In the Klamath River, huge decks of logs clogged half the water.  But why had they been there so long undisturbed that a thickly tall mat of grass grew upon them?

It was getting dark, and both Ann and I were hungry. She, concerned that a nest be assured for the night, suggested we find a motel first, then solicit recommendations for food. I eschewed her clearly unimaginative plan and drove for 15 minutes through every neoned street at night looking for a hungry fix. Two bars (“Good Food”) and a pool hall (“Billiards & Burgers”) later, I grudgingly acceded to her pathetically sarcastic rendition of “Stand By Your Man” and checked into a Quality Inn where we acquired directions and a 20%-off coupon for “the best Eye-talian restaurant in town.” A pair of wrong turns later, we found it closed on this Monday night, but two matrons in the grocery next to it offered enthusiastic suggestions to my query for a “really good restaurant.”

“Sizzler,” nodded one vigorously–a short, square woman who impressed me as borderline in several mental categories.

“I don’t know if the coffee shop out at the golf course is open this late,” worried the other, her hair pulled back in a ponytail so severe her pencil-drawn eyebrows seemed to extend past her earholes.

“I’d like a really nice restaurant,” I repeated softly. “Maybe one with tablecloths.”

Both women paused, the tablecloth concept working through their encyclopedias of Southern Oregonian cuisine.

Ponytail brightened abruptly.  “Shilo Inn has a real nice restaurant…and I think they have tablecloths.”  Those words engendered a spirited dialog that was meaningless to me, but clearly important to the women. It included mention of someone named Greta and her sonuvabitch ex-husband Harv, one tablecloth, and nothing at all about Shilo Inn.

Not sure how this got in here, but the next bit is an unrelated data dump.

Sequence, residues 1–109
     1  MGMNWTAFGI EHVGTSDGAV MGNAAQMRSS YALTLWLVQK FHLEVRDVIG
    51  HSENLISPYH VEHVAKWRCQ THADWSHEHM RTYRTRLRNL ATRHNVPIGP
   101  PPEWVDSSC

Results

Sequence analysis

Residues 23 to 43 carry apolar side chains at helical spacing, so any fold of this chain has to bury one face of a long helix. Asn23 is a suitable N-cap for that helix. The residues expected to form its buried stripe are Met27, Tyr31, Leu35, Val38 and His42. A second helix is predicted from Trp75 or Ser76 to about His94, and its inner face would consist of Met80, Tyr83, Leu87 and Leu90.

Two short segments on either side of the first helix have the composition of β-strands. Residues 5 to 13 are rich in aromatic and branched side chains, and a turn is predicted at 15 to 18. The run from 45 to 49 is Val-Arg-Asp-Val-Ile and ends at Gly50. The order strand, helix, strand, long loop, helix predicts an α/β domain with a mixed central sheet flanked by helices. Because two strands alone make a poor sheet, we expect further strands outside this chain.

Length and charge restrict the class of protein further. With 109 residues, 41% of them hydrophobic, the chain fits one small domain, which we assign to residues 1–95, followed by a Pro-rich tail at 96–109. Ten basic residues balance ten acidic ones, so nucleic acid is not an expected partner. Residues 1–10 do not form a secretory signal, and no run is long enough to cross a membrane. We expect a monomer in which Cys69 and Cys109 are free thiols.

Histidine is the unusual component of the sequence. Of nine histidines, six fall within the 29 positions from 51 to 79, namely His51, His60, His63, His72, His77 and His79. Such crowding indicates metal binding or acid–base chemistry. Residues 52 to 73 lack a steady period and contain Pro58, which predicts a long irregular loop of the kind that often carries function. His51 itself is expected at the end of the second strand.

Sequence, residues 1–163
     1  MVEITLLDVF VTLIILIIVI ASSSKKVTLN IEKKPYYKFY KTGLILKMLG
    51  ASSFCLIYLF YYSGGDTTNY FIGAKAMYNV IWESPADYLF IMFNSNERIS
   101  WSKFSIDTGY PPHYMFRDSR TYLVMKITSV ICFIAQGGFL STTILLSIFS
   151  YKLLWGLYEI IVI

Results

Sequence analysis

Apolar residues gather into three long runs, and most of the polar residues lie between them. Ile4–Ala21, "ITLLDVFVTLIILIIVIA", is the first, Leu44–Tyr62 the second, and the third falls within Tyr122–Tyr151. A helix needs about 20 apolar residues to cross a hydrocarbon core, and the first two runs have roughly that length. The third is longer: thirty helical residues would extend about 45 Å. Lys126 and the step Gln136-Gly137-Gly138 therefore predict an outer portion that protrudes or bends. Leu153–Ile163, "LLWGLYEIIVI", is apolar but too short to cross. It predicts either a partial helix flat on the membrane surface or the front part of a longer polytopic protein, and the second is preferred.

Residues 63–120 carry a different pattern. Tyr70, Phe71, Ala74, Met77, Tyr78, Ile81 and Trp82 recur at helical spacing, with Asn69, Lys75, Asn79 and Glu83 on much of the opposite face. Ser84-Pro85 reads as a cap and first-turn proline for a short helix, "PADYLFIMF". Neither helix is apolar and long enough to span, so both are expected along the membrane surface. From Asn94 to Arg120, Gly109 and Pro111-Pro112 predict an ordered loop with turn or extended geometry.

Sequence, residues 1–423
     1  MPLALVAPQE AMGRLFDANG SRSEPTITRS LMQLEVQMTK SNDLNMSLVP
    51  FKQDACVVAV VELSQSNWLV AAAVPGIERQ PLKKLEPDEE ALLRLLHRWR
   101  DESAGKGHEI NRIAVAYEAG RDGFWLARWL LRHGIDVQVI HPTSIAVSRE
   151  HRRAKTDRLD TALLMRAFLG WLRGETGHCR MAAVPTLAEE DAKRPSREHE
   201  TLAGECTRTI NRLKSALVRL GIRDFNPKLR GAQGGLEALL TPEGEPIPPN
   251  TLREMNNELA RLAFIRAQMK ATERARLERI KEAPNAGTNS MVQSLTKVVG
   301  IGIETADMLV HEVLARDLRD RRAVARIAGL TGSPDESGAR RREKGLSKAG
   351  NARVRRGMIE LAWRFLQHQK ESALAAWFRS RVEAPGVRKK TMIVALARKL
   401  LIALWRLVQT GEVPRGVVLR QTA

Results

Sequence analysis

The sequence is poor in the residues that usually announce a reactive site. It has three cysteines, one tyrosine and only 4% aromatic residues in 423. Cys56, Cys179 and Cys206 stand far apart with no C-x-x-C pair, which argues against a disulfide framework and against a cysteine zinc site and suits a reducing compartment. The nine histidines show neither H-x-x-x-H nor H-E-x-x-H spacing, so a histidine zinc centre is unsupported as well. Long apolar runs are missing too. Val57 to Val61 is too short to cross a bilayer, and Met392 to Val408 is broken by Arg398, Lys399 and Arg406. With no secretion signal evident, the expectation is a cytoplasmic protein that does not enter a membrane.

I had seen the fabled Shilo Inn sign near the entrance to town, so I reversed direction. Another pair of wrong turns later I pulled up in front of the poshest highwayside hotel in Klamath Falls. Ann stepped out to examine the menu and the ambiance, but chance offered another source of information. A couple, clearly turistas like ourselves, were exiting from the eatery, she waddling, he with what appeared to be a toothpick of satisfaction mining interdental spaces.  I could not hear what was spoken, but I saw Ann’s question and the couple’s undisguised run-for-your-life response.

We ended up at Applebee’s: pop culture walls and oldies music, and a damn fine plate of steamed veggies.  I consumed a beer as tall as my forearm. Ann had two wine glasses. And we both heard the heart-warming story of how the young manager was waiting for her Swedish psych-nurse husband to arrive in town and how she hoped to be managing the new Applebee’s in Ukiah someday soon.

After submersion in beery sleep, I awakened at 4:30 a.m. to write this and watch the sun come up over clear-cut hills.

On to Crater Lake!